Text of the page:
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‘I’ve had a lot of chances, but haven’t been able to put them in’: Elias Lindholm scored against the Blackhawks, but his overall play has been questionable

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Photo credit:Kiyoshi Mio-USA TODAY Sports
Jeff Middleton
4 months ago
The big name from the Calgary Flames on all the trade boards around the NHL media sphere is the Swedish centre Elias Lindholm. On Frank Seravalli’s Dec. 2 edition of his trade targets list, Lindholm was the first name to appear, and for good reason. He has the ability to transform a Stanley Cup potential roster to a Stanley Cup-contending roster because of where he plays in the lineup and what he can do with elite linemates.
However, for teams that are looking to trade for him, they have to be sure that they can trust Lindholm will return to being somewhat close to the player he was with Johnny Gaudreau and Matthew Tkachuk on his wings instead of what he currently is.
What he currently is now isn’t good enough to get as much as some Flames fans might want in return (say, Bowen Byram), given his play and his contract status. In his post-game interview after the 1-0 win against the Chicago Blackhawks, where he scored the only goal on the power-play, he noted that he feels like he’s had lots of chances recently, but he hasn’t been able to score as much and it’s nice to see one hit the twine.
“It’s been a while. I’ve had a lot of a chances, but haven’t been able to put them in. So, it’s always nice to score again and obviously to help the team win.”
It’s true, Lindholm has been below average offensively this season, and it shows. He has 32 points in 49 games, which on the surface isn’t awful, but if he were to keep his current goal-scoring pace, it would be the lowest of his career since his 22-year-old season in 2016-17 with the Carolina Hurricanes. He’s also averaging the most ice time per game in his entire career at 20:45, which is two and a half minutes more than he was averaging that specific season and just over two minutes more than he was last season under Darryl Sutter. For even more context, Lindholm went 15 games without scoring a goal, starting on December 23rd and ending the skid on Jan. 27, so over a month without a tally.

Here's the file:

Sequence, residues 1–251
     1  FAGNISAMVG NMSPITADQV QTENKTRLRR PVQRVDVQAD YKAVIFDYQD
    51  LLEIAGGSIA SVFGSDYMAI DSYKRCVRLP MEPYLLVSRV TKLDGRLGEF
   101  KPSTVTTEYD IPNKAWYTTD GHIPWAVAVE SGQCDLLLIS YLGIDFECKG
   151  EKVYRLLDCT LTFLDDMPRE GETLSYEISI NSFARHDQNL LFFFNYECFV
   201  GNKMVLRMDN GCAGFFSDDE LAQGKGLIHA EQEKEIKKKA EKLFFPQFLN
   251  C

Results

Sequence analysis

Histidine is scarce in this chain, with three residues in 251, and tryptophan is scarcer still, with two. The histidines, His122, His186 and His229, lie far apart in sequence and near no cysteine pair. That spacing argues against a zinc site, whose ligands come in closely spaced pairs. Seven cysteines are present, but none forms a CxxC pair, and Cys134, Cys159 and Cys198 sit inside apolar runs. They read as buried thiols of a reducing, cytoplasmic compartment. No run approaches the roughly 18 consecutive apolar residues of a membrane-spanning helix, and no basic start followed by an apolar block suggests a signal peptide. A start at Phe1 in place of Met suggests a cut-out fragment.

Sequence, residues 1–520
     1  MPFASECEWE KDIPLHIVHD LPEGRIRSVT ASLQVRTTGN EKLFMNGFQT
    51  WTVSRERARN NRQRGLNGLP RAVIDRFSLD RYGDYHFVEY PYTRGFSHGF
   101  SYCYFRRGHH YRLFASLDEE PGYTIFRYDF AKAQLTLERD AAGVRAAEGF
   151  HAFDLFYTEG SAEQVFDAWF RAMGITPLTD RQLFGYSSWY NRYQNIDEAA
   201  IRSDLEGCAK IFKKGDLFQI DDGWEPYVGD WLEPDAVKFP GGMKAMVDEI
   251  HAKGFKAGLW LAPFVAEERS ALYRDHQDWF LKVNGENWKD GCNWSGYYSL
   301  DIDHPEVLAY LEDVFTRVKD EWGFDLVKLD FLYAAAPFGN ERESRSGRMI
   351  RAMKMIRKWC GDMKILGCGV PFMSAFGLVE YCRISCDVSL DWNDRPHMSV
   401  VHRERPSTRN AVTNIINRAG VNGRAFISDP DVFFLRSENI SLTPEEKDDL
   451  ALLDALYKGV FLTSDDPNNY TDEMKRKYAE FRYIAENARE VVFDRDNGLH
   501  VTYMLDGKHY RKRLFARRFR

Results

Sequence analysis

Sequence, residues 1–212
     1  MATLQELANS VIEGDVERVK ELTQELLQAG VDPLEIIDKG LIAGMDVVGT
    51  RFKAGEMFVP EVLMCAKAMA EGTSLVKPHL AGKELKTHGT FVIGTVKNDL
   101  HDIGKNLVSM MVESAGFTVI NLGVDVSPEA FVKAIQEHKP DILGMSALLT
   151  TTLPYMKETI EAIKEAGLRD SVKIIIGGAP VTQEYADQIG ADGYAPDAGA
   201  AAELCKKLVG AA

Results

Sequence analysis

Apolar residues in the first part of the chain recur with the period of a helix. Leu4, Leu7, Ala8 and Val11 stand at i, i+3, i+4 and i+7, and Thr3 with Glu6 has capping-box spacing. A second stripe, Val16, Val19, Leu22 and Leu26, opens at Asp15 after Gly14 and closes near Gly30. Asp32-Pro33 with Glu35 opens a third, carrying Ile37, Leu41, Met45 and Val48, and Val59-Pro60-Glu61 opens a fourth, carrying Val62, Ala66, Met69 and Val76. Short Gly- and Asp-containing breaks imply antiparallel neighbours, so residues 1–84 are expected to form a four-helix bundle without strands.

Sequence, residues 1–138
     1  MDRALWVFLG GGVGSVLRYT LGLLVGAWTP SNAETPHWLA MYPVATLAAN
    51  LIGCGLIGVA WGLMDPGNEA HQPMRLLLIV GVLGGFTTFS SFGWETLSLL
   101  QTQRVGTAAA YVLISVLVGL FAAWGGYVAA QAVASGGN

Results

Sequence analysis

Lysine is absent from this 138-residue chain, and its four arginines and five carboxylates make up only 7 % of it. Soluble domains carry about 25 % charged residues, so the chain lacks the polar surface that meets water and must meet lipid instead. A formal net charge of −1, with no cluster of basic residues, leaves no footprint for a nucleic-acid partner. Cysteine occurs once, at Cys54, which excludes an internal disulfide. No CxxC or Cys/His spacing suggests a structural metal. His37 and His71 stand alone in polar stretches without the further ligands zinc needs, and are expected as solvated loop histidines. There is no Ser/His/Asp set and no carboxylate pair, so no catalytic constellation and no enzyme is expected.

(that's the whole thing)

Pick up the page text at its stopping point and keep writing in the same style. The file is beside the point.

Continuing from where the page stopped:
To add to this argument, his analytics aren’t good either. Per Evolving-Hockey, he’s second-to-last in expected goals for per 60 (xGF/60), only ahead of the former Flames forward and fourth-line centre, Adam Ruzicka, and he’s only been about average defensively.
Here is Lindholm’s regularized adjusted plus-minus chart from Evolving Hockey:
In addition to that visual, here is his isolated impact from Micah Blake McCurdy’s HockeyViz site:
The best part of these isolated impact visuals is that we can see where the shots are coming from, not just different colour bars representing good or bad production in that specific area. Lindholm, per the viz, clearly loves to shoot from the right side of the ice, and he’s not getting much to the front of the net. And just as the Evolving Hockey suggests, the defensive side of the game hasn’t been anything more than average.
So, while it is good to finally see Lindholm back in the goal-scoring column, it’s obvious that he isn’t playing up to the level that he needs to be if I’m Flames management looking to maximize value in a trade and if I’m the player. The kind of contract extension Lindholm will get now is likely less money than he would have gotten had he signed with the Flames before the season started. The hope is, though, that a team like the Avalanche, who are contending for a Stanley Cup with plenty of elite players to surround Lindholm, is willing to take the gamble, move an asset or two, and acquire him to be their second line centre.
Yes, Lindholm is still a hot commodity on the trade market, but he’s also not living up the expectations that many set for him this season, including himself.

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